Losing Global Ground
The U.S. education system no longer stacks up as favorably as it once did when compared with those of other prosperous countries.
For decades, a highly qualified workforce has helped fuel economic prosperity in the United States. But now other countries are catching up with and even surpassing America’s performance.
On a variety of measures, “the U.S. has been joined by a number of other countries,” says Alan P. Wagner, a professor of educational administration at the State University of New York at Albany, “and particularly in the younger age groups, there is evidence of higher levels of performance elsewhere.”
• Although the achievement gap opens before children even reach school, U.S. support for early-childhood education lags well behind that of other developed nations.
• While U.S. children in elementary school perform relatively well on international tests of achievement, particularly in reading, American 15-year-olds perform in the middle of the pack on tests of science and mathematics, with one-quarter performing at the lowest achievement levels.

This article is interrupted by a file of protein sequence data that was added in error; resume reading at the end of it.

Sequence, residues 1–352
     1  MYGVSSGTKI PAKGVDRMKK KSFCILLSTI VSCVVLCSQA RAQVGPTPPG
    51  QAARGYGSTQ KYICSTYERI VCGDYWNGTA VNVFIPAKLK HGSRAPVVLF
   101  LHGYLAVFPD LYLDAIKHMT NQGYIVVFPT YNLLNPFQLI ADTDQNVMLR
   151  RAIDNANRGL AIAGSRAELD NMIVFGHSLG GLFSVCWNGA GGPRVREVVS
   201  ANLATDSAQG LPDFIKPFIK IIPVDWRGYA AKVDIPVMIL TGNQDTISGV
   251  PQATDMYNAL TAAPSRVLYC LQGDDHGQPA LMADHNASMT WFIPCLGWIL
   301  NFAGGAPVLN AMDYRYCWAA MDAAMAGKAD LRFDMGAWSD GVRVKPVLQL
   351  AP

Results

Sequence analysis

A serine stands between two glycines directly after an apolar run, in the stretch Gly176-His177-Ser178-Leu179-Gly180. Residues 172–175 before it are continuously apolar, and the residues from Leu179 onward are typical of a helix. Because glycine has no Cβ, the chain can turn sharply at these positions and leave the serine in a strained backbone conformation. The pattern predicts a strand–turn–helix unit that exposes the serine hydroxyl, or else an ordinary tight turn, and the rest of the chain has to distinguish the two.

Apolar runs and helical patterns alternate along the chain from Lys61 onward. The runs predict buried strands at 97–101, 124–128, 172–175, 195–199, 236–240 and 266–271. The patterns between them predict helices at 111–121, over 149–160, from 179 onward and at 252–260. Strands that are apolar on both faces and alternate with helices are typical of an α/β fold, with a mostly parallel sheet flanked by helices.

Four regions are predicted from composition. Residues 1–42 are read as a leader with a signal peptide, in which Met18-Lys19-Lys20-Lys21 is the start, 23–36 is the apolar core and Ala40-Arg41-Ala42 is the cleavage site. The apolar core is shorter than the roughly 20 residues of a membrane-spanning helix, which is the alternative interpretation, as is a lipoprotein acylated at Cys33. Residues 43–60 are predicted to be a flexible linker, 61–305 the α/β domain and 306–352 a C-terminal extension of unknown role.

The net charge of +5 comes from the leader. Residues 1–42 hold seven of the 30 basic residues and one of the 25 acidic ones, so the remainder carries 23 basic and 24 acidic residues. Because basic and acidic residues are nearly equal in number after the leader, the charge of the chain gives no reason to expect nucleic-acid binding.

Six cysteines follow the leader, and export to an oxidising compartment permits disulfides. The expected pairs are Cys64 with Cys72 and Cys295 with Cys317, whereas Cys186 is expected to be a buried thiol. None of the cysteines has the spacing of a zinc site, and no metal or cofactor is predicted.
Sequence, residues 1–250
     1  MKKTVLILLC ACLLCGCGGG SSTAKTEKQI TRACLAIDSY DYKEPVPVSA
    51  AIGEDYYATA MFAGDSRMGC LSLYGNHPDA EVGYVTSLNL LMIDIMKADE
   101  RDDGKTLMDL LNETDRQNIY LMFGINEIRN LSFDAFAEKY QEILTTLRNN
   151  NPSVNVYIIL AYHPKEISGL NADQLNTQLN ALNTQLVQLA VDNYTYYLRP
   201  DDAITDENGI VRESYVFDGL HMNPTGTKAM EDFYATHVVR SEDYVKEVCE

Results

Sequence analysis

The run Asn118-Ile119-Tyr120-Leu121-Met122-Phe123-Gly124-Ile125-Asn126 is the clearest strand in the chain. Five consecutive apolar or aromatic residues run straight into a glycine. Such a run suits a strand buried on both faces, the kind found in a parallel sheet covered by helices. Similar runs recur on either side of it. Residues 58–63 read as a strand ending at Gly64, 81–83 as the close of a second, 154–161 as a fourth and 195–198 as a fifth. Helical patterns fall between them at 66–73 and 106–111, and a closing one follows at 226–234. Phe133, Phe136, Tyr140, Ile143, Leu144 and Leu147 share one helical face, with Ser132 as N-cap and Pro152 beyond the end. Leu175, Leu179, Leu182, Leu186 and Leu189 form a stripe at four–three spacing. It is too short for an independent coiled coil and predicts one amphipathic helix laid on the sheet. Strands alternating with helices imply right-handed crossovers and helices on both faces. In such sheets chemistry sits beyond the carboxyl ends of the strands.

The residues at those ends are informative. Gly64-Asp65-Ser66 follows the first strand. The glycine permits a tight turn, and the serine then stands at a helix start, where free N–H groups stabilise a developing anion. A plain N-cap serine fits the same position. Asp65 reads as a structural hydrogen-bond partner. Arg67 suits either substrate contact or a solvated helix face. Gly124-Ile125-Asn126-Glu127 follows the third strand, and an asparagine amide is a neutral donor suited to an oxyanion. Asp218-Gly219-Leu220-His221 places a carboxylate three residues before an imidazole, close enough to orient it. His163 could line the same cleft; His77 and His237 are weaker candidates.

• At a time when a high school diploma is typically the minimum requirement for a decent job, the United States has slipped to 11th among 30 Organization for Economic Cooperation and Development countries in the proportion of 25- to 34-year-olds with that credential.
• Long a leader in higher education, the United States has dropped to seventh in the proportion of 25- to 34-year-olds with a college degree.
“These results cannot simply be tied to money,” says Barbara Ischinger, who heads the education directorate for the OECD. “ Only Luxembourg, Switzerland, and Norway spend more per student in the primary through secondary grades than the United States does, according to OECD data.
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The United States, however, devotes only half of its expenditures to teacher compensation, a share that is below those of all but five OECD countries.
Perhaps most troubling, America’s older adults, ages 35 to 64, have higher rates of college completion than its younger generation—a trend opposite the direction in other industrialized nations.
“Are we going to react in a way that’s too little, too late?” asks Thomas J. Tierney, the president of the Bridgespan Group, a nonprofit management-consulting organization based in Boston. “I think the choice is ours.”
Vol. 26, Issue 17, Pages 76-78Published in Print: January 4, 2007, as Losing Global Ground Quality Counts is produced with support from the Pew Center on the States.